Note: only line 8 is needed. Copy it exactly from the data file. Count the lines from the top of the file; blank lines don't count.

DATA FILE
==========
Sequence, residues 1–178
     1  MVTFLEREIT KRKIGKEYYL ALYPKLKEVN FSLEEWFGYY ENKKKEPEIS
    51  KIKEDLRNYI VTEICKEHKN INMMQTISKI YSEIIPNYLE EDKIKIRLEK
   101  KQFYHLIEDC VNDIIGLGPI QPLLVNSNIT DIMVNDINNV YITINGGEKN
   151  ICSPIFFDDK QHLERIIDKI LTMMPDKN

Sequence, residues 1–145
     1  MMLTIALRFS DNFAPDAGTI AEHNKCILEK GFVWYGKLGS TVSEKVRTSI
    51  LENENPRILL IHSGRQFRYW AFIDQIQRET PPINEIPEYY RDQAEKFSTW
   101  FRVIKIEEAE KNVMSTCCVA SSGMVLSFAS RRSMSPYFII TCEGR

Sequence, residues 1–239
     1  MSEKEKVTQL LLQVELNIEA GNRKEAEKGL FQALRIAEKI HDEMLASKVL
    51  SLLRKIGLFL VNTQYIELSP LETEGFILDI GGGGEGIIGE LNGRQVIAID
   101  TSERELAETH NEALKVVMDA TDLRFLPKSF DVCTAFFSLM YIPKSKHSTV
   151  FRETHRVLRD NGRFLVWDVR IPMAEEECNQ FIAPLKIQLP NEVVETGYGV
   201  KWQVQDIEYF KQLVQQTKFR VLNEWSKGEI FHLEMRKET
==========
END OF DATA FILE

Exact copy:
    51  LENENPRILL IHSGRQFRYW AFIDQIQRET PPINEIPEYY RDQAEKFSTW